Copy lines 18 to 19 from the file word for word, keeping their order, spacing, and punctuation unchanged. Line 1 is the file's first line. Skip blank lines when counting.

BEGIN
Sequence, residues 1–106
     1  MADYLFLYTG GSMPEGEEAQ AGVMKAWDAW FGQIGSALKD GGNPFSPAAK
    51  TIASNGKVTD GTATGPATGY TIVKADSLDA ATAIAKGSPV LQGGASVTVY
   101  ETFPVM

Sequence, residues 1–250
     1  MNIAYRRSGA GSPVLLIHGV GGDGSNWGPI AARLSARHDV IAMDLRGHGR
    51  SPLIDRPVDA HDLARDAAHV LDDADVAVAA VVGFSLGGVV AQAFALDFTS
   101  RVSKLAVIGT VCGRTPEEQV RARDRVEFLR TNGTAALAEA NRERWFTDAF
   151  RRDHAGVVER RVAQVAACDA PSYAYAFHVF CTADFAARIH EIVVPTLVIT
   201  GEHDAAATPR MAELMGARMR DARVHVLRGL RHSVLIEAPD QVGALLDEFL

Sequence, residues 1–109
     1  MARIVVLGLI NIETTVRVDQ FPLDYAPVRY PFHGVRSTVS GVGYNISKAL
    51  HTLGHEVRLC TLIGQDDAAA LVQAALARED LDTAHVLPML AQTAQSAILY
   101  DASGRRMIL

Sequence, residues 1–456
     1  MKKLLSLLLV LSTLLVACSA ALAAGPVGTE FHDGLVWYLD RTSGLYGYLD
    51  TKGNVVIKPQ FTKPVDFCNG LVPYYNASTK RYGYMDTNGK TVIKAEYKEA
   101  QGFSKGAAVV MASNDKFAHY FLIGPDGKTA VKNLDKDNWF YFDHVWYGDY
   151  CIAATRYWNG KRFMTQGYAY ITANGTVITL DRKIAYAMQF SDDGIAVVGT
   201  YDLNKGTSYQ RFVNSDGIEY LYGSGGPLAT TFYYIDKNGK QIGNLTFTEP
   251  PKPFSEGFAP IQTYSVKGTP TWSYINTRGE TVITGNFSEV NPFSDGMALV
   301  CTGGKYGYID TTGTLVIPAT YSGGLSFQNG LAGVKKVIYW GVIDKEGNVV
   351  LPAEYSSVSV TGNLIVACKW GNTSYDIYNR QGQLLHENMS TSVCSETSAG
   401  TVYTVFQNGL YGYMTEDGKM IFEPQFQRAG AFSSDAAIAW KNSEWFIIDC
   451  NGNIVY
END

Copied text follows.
   101  QGFSKGAAVV MASNDKFAHY FLIGPDGKTA VKNLDKDNWF YFDHVWYGDY
   151  CIAATRYWNG KRFMTQGYAY ITANGTVITL DRKIAYAMQF SDDGIAVVGT